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The Seahawks Crapped The Bed

Photo: Tony Avelar (AP)

What exactly are the Seahawks? Are they closer to the team that stumbled out to records of 0-2, 2-3, and 4-5? Or to the team that then reeled off four wins in a row and looked entirely ready to come into Santa Clara and claim a playoff berth on their lowly rivals’ home field? Or the team that promptly barfed up a chance to clinch on Sunday, losing not because of its efficient-as-ever offense, but because it couldn’t stop taking penalties?

Seattle fell 26-23 in overtime to the Niners, a sloppy loss that saw breakdowns in pass coverage, a botched kickoff coverage, a missed extra point, and 14 penalties—10 after halftime—for 148 yards, a franchise record. Offensive penalties sabotaged the Seahawks’ final three possessions, but it was a controversial defensive pass interference call on CB Shaquill Griffin in OT that sealed things going the other way.

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Griffin was in coverage on Dante Pettis and appeared to bat away the ball cleanly, but he was flagged for DPI. Instead of facing a third-and-15 from their own 44, the Niners had a new set of downs from Seattle’s 41, and would kick the game-winning field goal four plays later. “A terrible call,” Griffin complained later.

Griffin later retweeted a replay of the penalty, writing, “Have To Adjust My Game?”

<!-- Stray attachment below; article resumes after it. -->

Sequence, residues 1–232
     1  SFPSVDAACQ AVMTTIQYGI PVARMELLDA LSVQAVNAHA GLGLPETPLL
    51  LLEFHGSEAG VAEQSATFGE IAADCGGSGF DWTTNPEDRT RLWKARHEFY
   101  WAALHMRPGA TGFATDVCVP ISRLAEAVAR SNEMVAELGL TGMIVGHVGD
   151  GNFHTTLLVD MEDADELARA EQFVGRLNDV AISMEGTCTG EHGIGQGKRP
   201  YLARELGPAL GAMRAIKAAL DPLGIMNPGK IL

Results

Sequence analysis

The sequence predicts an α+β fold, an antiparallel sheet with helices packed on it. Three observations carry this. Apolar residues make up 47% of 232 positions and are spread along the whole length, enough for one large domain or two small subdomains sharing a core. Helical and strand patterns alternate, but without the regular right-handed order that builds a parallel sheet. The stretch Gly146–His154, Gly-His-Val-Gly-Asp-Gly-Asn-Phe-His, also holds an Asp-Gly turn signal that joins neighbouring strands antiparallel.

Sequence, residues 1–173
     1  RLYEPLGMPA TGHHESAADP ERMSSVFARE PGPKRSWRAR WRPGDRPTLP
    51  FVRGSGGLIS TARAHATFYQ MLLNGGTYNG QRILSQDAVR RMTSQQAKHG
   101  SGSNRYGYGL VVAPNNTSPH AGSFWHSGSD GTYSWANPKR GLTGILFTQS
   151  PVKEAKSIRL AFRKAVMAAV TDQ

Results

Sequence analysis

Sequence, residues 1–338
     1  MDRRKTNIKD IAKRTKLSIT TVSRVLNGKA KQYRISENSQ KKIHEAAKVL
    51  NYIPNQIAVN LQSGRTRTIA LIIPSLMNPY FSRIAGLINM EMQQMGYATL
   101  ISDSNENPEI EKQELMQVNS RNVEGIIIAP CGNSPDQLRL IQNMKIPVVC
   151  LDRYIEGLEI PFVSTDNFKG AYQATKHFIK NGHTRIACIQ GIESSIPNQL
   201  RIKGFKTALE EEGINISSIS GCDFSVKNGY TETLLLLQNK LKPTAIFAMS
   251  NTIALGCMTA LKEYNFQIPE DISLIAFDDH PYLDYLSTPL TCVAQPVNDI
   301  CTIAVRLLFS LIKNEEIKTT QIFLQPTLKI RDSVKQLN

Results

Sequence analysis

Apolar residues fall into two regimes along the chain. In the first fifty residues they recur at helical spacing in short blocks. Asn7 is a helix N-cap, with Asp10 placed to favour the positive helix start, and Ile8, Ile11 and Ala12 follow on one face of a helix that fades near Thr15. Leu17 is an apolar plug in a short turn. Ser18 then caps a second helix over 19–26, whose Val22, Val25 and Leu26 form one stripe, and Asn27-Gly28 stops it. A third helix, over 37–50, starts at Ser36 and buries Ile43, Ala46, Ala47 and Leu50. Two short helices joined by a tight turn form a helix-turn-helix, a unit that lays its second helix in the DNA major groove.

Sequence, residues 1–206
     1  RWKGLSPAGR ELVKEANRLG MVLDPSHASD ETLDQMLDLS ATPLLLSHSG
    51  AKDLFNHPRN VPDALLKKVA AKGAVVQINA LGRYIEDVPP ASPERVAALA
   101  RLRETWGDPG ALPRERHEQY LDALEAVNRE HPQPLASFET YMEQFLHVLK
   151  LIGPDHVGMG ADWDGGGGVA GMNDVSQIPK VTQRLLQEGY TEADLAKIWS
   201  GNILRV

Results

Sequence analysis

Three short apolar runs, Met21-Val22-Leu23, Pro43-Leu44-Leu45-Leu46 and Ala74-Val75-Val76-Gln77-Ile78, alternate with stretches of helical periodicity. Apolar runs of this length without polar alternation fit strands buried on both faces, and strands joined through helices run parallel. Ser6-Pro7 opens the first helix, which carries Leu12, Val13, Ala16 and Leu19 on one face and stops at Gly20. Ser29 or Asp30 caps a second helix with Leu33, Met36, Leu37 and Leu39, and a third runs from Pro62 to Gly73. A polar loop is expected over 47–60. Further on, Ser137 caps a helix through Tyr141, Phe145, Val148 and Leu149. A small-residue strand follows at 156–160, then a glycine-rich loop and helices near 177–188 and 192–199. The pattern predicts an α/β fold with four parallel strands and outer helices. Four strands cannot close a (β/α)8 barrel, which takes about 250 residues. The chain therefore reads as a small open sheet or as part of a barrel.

Making it all the worse, Griffin said he had been hypervigilant of how tightly the officials had been calling the game, and specifically tried not to draw a flag.

“I kinda knew they was going to try to call a penalty on someone the way they were calling penalties on [Seattle’s] offense,” Griffin said. “and I made sure as soon as I saw the pass in the air I was going to stick my hand out, knock it down and roll over, and that’s exactly what I did. And when I sat up I looked at the ref and he threw it. It’s something I can’t take back, and it sucks the way it ended. But it was a terrible call.”

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It was, perhaps, a classic trap game for the Seahawks, though to a man they all denied taking the Niners lightly. There are no more potential trap games left. Next week they’re home in primetime against the Chiefs, who because of their own loss this week, will need a win to wrap up the AFC’s top seed. If Seattle loses that one, they’ll be home in Week 17 against the truly putrid Cardinals, likely needing a win to make the postseason. So they’ll probably be in, one way or another. But what about after that?

The NFC’s first-week playoff picture is filled with talented but supremely flawed teams, all of whom can look like worldbeaters one week and trash the next. The Seahawks have already played the other three teams currently in the picture for wild card weekend, losing to the Bears but beating the Vikings and Cowboys—who they’d play if the season ended today. This is the muddle of mediocrity which Seattle could’ve floated above with a win against a bad team on Sunday, and could’ve spent the season’s final two weeks resting and getting healthy. Not that Pete Carroll teams have particularly been known for that; he’s always preferred to go into the playoffs at full speed. Still, he’d have liked the option: “We’re well aware of that,” Carroll said of the chance to clinch, “but just not today, there’s no silver linings in this today.”

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